In her teens Mary began to become interested in politics. French and English literature drew her, and you learn of what she read and what was read to her as a child. At an older age she kept detailed diaries. The book follows the diary entries closely. Letters have also been included. What you follow in this book are what she saw and observed and thought of the world she grew up in, of the build up to the war and finally the war years. You see the numerous dignitaries through her eyes, meticulously and amusing recorded in her diary entries. Her diary was originally for her eyes alone, so what she writes is frank. You can’t help but laugh. Because she was sweet, this is a joy to read. She does state when others are grumpy or sour or behave badly, but never in a harsh accusing manner. It is said and you go on. I don't believe she is hiding or holding back unpleasant information. She WAS a happy, optimistic person, at least most of the time. She shows respect and empathy for others in times of difficulty, so her happiness doesn't seem frivolous or exaggerated.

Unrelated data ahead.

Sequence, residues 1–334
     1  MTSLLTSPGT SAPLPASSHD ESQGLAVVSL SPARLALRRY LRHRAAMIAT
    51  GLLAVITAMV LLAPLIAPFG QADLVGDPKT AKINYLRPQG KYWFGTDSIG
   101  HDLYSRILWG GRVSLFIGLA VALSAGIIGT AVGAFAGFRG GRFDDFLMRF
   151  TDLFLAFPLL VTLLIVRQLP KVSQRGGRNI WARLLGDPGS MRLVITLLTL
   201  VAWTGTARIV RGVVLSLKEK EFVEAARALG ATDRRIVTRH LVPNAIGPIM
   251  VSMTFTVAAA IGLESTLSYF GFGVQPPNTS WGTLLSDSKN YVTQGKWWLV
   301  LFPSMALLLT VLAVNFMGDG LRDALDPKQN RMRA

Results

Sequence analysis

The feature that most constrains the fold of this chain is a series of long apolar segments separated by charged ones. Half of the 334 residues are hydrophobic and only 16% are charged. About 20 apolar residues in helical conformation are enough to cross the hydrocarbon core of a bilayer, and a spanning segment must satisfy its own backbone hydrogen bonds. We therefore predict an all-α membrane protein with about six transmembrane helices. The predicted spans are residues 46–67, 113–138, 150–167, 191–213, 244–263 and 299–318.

The book covers her years during the war first with the WVS (Women's Volunteer Service) and then the ATS (Auxiliary Territorial Service) where she rose to the rank of captain in an anti-aircraft battery unit. There is a lot of flirting and partying too, but what you see is the life of women volunteers in the war, even if it is clear she was on occasion given special treatment due to the position of her father. The book ends after Winston Churchill lost the election in 1945 at the conclusion of the war. Soon thereafter she meets and marries her husband. The central focus remains her youth and the war years.
Mary was very close to her father. Through this close relationship you learn about her father too, but mostly you learn about Mary. You don't read this book to learn history. The history is there but only to the extent that she was involved, the people she met, her battery job and the support she gave her father.